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January 7 - February 26, 2000

Westwood Gallery presented an exhibition of sculpture, copper alloy paintings and drawings by the artist Jeffrey Maron.

Maron creates art to remind people of their spiritual existence and to express very directly his affinity for "primitive," animistic art with its unfiltered directness and expressiveness. While formal experimentation has been a very important and fruitful step for modern art, in time such formalism has ignored important issues that need to be reevaluated. Among them is the necessity for reestablishing harmony. In Jeffrey Maron's vision, art is, beyond anything else, the activity of projecting spirit into form. He utilizes basic shapes, simple, tense and effective, that are transcendently tied with primordial forces and have a ritualistic strength. Circles, arcs and spirals combine in a free and daring manner both in sculptures and in paintings; they are not only basic geometric forms, but symbols of the celebration of spiritual consciousness, having the property of unifying and ordering surrounding forces and phenomena. Their celestial syntax articulates a coherent conception, far from the technological myth and closer to the magical roots of animism. The underlying idea is a global visual consciousness that we all share; this consciousness is expressed in art and our need to tap into it. The artist has to regain what is spiritual, magical and mysterious in order to restore the primordial rhythm; this process of creation is as important as the end result, which is all encompassing. The reinforcement of the seed-form is important, as well as the spiral, as symbols of this very process.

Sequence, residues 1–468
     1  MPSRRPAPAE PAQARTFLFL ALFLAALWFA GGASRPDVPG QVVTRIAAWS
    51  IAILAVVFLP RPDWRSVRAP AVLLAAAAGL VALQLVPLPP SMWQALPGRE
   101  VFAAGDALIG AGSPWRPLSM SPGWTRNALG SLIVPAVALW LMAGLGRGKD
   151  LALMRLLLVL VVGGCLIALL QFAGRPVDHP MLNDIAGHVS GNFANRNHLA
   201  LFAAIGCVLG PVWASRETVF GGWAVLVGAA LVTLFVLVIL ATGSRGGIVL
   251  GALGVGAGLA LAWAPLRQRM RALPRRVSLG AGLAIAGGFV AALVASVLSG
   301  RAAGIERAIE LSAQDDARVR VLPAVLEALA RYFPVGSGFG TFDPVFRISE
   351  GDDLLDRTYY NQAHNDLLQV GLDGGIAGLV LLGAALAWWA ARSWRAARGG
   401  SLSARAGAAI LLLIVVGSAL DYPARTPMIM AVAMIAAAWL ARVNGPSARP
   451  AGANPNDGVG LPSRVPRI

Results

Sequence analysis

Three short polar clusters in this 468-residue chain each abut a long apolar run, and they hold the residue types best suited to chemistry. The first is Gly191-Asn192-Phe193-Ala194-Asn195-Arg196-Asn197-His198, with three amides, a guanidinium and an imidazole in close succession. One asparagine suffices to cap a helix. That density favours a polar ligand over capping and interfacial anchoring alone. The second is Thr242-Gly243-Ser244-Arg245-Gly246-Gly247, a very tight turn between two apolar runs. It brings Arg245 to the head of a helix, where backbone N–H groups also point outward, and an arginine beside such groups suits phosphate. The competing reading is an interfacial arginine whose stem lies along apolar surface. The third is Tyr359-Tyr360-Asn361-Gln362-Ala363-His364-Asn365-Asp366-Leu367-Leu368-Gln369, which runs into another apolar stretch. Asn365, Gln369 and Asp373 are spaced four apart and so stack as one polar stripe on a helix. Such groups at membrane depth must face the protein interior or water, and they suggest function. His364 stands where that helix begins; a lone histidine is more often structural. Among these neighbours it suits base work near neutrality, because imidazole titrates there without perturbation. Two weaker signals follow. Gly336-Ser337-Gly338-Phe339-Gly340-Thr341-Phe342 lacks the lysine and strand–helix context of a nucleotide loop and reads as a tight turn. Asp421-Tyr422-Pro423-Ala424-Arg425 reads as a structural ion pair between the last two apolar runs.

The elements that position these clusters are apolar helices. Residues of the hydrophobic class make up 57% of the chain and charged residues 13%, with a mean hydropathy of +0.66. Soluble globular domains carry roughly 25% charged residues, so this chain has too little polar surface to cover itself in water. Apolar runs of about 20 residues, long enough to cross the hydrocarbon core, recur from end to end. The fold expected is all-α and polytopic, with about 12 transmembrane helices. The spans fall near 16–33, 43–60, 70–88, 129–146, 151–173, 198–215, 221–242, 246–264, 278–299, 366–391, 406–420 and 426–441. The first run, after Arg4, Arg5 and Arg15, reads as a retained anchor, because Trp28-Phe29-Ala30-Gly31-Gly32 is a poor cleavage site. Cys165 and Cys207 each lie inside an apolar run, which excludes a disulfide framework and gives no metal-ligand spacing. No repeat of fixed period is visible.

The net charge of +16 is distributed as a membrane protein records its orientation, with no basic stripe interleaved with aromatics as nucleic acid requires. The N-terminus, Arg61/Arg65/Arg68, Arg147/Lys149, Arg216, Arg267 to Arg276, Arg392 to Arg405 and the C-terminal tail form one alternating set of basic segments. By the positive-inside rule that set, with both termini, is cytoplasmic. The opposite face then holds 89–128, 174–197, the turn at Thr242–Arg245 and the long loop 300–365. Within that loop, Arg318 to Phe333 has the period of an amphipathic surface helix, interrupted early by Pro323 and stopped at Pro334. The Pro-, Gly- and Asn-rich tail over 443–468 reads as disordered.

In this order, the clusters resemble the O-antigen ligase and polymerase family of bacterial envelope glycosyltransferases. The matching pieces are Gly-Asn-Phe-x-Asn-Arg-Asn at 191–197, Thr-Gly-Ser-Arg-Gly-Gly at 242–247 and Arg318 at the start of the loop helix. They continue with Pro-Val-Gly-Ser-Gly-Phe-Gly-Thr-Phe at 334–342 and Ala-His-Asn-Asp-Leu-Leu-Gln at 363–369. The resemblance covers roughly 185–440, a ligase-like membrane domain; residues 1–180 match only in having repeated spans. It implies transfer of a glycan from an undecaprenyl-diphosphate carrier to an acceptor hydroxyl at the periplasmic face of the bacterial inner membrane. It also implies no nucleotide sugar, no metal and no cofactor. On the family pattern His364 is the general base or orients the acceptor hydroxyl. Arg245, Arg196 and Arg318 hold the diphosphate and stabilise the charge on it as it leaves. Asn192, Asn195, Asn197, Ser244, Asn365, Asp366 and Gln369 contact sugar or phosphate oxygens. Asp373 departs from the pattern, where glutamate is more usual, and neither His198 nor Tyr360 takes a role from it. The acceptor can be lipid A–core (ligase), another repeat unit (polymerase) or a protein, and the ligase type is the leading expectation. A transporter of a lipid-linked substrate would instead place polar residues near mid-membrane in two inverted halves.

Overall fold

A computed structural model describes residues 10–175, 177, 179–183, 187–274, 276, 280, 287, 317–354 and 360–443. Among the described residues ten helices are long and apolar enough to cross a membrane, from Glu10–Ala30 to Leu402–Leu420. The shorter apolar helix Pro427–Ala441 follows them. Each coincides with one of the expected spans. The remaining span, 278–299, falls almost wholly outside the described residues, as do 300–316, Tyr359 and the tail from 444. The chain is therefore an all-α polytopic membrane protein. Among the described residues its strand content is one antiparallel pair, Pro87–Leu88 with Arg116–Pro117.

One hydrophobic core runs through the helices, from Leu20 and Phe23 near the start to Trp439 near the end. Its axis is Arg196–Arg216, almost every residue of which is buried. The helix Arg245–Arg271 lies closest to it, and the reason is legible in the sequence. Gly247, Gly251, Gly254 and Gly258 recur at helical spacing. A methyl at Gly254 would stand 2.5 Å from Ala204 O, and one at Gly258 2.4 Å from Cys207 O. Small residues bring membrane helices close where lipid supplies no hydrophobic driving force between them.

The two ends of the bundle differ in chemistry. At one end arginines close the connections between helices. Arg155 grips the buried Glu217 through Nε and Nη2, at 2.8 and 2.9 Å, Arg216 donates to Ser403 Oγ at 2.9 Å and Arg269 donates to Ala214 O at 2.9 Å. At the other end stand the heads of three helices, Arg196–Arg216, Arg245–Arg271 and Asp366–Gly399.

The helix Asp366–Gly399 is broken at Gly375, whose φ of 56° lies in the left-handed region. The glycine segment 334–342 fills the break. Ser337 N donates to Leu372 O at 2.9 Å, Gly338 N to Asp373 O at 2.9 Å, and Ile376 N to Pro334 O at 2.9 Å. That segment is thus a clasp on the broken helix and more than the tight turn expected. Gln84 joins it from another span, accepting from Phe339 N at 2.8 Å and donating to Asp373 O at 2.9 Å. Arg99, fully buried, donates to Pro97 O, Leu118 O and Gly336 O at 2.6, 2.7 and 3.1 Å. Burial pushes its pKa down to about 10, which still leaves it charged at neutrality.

Jeffrey Maron uses the processes of etching and oxidation. Oxides are grown on the surface in multi layers, giving a lush deep coloration, which is literally alive. Color is obtained not with pigments and oils but rather with crystalline oxides: strong salts are vaporized on the surface forcing the growth of crystalline structures that chemically bond with the copper. Maron is instantly forcing the growth with heat. Few sculptors have obtained such subtle patinas and chromatic variations from welded and oxidized metal. The creative process is very important to the artist; he displays technical excellence in forming, shaping and joining the metal, in addition to creating subtle tones and deep variations of color.

Public Work

About the Artist

Jeffrey Maron lives and works in New York City. After receiving a Bachelor of Science in Sociology and a Masters of Fine Art from Washington University in St. Louis, Missouri in 1973, Jeffrey went on to receive numerous awards. These included a Pollock-Krasner Foundation Award, R.S. Reynolds Memorial Award, National Endowment for the Arts Grants and a Fulbright-Hayes Grant, which enabled him to study sculpture in Japan. He worked in the Far East for two years, absorbing and incorporating Japanese philosophy, habits and customs. Since that time, his discontent with contemporary models of sculpture led him to investigate form and symbolism in various cultural and historical environments. Besides Japan, he has explored other cultures as well; as a result, his inspiration merges shamanistic and American Indian allusions, as well as esoteric aspects of Buddhism and Judaism.

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